Later that day, the White House started an official review of the case. Vilsack sent an email in regards to the issue that states, "I am of course willing and will conduct a thorough review and consider additional facts to ensure to the American people we are providing services in a fair and equitable manner."[34] Sherrod viewed the apology given by Robert Gibbs extended by the White House, from the CNN Center where she was being interviewed. Sherrod accepted the apology and welcomed the review.[35]

Republican House Minority Leader John Boehner strongly rebuked the airing of the video excerpts. He stated, "It’s unfortunate that whoever laid this out there didn’t lay out the whole story, as opposed to a part of it... They only put a little piece of the story out there and people make judgments and they rush and they make bad decisions."[36] In an interview with Joe Strupp of Media Matters, Sherrod answered an implication that Fox News was being racist in the initial reporting of controversy, "When you look at their (Fox News') reporting, this is just another way of seeing that they are [racist]. But I have seen that before now. I saw their reporting as biased during the Bush Administration and the Clinton Administration."[37]

On July 21, 2010, Vilsack offered a "personal and profound apology to Shirley Sherrod for forcing her to resign as a result of an out-of-context video posted to a conservative website."[38] He also says that he offered Sherrod a new position and she is considering it. She was offered the Special Deputy Director Position (USDA Reparations Czar).[39]

Late on the 21st, Bill O'Reilly, who on the 19th was the first cable television broadcaster to air the excerpt of the video, apologized to Sherrod for his remarks calling for her termination.[38] O'Reilly said, "I owe Ms. Sherrod an apology for not doing my homework, for not putting her remarks into the proper context."

Reactions by Andrew Breitbart

Andrew Breitbart has not offered any apologies to Sherrod, saying that she still harbors racist sentiments.[40]

On July 20, 2010, in an interview with CNN's John King, Breitbart answered interview questions regarding his intentions when he released the video excerpts:[41]

This was not about Shirley Sherrod. It's about the NAACP. This was about the NAACP attacking the Tea Party and this [the video of Ms. Sherrod] is showing racism at an NAACP event. I did not ask for Shirley Sherrod to be fired. I did not ask for any repercussions for Shirley Sherrod. They were the ones that took the initiative to get rid of her.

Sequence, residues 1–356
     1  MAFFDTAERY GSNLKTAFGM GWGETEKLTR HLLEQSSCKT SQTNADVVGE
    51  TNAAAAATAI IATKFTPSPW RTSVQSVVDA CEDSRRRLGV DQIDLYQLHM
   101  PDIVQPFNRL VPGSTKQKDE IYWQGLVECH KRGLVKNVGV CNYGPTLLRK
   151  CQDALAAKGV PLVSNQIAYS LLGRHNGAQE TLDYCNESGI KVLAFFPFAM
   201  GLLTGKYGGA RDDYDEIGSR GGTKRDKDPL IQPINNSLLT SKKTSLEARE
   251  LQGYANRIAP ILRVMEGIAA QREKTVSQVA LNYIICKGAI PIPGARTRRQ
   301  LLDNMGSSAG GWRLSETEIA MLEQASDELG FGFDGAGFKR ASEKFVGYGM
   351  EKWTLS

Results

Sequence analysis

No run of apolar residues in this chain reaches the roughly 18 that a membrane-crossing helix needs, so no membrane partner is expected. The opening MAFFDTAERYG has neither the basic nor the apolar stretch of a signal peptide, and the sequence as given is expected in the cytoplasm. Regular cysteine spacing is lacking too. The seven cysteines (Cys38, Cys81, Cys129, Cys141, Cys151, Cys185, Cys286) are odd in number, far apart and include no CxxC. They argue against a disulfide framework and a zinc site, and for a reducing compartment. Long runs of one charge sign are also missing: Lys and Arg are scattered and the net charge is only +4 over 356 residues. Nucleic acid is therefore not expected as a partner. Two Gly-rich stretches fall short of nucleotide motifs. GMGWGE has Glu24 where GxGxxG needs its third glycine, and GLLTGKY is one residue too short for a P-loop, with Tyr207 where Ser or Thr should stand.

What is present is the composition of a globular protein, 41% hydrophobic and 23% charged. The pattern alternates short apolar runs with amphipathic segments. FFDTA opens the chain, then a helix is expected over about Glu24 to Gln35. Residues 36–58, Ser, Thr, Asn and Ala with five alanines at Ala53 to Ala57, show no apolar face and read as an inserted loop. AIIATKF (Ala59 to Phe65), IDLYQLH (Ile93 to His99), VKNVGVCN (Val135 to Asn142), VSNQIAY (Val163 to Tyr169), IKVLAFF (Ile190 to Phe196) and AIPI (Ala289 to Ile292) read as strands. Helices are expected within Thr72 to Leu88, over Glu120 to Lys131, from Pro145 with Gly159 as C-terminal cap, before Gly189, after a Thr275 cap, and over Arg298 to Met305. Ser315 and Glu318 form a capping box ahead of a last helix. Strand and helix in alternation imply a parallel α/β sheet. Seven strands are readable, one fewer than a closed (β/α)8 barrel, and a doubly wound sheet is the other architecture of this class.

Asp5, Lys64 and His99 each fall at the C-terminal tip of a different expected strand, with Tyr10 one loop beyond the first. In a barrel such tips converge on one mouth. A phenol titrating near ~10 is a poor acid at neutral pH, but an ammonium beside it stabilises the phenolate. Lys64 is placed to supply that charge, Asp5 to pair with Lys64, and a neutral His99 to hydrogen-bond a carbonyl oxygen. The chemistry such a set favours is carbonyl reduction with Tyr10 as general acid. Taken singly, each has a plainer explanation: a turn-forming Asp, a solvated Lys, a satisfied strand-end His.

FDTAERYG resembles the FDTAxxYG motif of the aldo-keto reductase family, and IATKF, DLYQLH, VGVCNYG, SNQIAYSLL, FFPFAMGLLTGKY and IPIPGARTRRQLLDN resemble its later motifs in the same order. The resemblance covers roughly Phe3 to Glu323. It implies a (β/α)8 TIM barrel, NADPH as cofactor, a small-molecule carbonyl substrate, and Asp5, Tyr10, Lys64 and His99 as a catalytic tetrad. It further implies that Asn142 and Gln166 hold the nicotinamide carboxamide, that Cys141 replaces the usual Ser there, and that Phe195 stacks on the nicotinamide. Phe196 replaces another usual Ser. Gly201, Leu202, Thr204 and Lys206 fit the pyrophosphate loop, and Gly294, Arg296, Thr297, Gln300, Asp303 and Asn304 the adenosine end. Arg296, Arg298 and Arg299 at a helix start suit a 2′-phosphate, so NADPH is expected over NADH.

Reactions by Shirley Sherrod

In a phone call that lasted approximately seven minutes, President Obama apologized to Sherrod for the actions of his administration. Sherrod said she was "very, very pleased with the conversation."[42] On July 22nd, Sherrod said that she was considering taking legal action against Andrew Breitbart and that she would like to see Breitbart's Big Government website "shut down."[43]

From Big Journalism:

CNN Anchor to Shirley Sherrod: Would you like to see [Andrew Breitbart's] site to be shut down?
Shirley Sherrod: “That would be a great thing. Because I don’t see how that advances us in this country.”[44]

Anderson Cooper of CNN interviewed Sherrod and she referred to Breitbart as "vicious" and a "racist." She also stated that he would "like to get us stuck back in the times of slavery."[45] These baiting comments propelled Jonah Goldberg of National Review Online, who had previously called on Breitbart to apologize to Sherrod for releasing excerpts of the video, to argue that Sherrod should now apologize to Breitbart for implying that he supports reinstating slavery.[46][47] A similar response came from NRO's Ramesh Ponnuru.[48] On the defense for Sherrod, Salon's commentator Joan Walsh claimed, "She gets to say that because it’s true, and because from her vantage point it’s especially true."[49]

The full comment by Joan Walsh is as follows:

Joan Walsh, EDITOR-IN-CHIEF, SALON.COM: The woman's father was murdered by a white farmer, and there were witnesses. And the white justice system never found the murderer guilty. She's entitled to talk about race any way she wants to. That's not giving her a pass. Yes, any way she wants to. A bad experience in your background? I'm talking about murder. Murder, Matt. And the fact of the matter is, the woman turned out to be the antithesis of Andrew Breitbart, who told a story of racial reconciliation and healing and forgiving white people, and going on to help white people and going on to -- the issue in this country -- is class as much as race. I'm not giving her a pass. But I think the idea that she shouldn't be able to say Fox or Breitbart is racist preposterous. She gets to say that because it's true, and because from her vantage point it's especially true.[50]